FINALLY, after SIX weeks, we have been given permission to go outside.
I was just as excited, or perhaps more so, than my kids.
I even applied a dab of make-up, I didn’t dare try to squeeze myself into any of my jeans however. No point in ruining the day by confirming the extra kilos I’ve put on.
First time I’ve worn a bra in weeks too, not that I would admit to it publicly.
My daughter also went out of her way to choose a special outfit which included her favourite WHITE flowery trousers.
It had been raining all night and was still drizzling when we left the house. The temptation of splashing in muddy puddles ‘Peppa Pig’ style was more than real. But I didn’t have the heart to ask her to change.
I did find it unsettling that as we walked along, there was NOBODY else out on the streets.
All that enveloped us was an eerie silence and the drizzling rain.
I panicked that perhaps I’d got the date wrong and that the partial lift on lockdown restrictions hadn’t come into force yet.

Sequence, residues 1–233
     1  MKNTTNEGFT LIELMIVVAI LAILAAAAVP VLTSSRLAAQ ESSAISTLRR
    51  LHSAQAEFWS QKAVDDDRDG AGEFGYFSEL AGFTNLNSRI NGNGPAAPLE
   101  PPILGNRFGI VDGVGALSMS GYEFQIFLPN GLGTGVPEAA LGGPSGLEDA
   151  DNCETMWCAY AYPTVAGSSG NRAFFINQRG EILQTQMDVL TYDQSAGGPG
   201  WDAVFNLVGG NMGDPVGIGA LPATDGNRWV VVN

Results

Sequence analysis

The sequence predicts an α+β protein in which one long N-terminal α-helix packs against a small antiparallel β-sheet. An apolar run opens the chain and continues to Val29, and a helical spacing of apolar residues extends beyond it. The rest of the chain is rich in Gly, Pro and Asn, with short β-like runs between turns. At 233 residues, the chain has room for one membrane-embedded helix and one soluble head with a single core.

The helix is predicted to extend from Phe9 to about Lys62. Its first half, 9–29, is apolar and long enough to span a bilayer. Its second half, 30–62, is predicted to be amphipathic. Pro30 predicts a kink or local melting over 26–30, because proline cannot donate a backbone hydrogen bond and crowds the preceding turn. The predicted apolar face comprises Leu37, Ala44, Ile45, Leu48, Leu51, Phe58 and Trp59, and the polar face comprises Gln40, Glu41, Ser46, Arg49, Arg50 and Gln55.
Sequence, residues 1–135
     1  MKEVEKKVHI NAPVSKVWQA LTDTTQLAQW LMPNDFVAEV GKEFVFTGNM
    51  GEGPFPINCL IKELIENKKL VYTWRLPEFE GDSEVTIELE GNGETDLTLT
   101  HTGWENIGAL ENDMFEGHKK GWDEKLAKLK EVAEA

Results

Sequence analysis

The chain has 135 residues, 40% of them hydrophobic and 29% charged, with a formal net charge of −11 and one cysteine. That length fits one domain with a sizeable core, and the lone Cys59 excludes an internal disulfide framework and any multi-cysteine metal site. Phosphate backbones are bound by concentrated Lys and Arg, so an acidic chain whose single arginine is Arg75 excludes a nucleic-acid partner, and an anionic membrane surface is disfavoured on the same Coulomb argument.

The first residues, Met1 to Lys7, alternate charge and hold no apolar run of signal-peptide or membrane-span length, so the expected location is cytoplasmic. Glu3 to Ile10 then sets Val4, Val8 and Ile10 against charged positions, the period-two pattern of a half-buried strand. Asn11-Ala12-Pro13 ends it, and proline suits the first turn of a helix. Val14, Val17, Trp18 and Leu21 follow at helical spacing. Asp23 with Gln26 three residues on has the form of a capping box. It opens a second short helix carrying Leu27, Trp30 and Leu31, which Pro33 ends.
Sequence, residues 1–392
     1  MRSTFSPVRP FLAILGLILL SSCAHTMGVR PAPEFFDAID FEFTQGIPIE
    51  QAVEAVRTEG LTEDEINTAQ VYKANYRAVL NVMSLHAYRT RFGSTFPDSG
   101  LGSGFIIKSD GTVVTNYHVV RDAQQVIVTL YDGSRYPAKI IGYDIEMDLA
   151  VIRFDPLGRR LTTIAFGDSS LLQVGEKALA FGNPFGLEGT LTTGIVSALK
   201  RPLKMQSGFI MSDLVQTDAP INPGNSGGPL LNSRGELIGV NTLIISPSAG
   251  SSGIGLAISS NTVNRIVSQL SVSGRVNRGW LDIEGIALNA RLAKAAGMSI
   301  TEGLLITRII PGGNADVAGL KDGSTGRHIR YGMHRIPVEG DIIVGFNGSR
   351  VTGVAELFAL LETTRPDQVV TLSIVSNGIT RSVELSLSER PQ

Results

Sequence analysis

Or was the weather to blame? After all it was drizzling and I know the Spanish, especially those in Andalucia, aren’t as mentally prepped to deal with rain as born and bread British nationals.
But surely the taste of freedom would surpass a spot or rain?
My kids were having the time of their lives at any rate. They were running and jumping and splashing in every puddle we came across until they were both soaking wet and the white trousers weren’t quite so white anymore.
After walking for a one kilometre, the permitted distance, it was time to turn around and head home.
Much to my alarm, just as we were about half-way home I spied a random Guardia Civil checkpoint included five guardias AND three Policia Local cars.
Now I really panicked. After an hour I still hadn’t come across ANYONE else and though I live inland, it’s in a town of 25,000-plus inhabitants, not exactly an isolated hamlet.
I’d obviously got the dates wrong and was on the verge of facing the mortifying humiliation of getting told off in front of my kids.
As we neared, all five Guardia Civil together with the local police halted their chit-chat to stare at us.
I was overwhelmed with guilt. Had I been carrying ten kilos of hashish down one of my trouser legs I would probably have looked more innocent.
There was nothing for it, but to brace myself from the shear embarrassment of getting a rap from the authorities in front of my kids.
But then my daughter chirped out ‘Buenos dias!’ to them all.
There was a moment of awkard silence, before they all broke into a smile and wished us a pleasant walk.
And it was the BEST walk ever!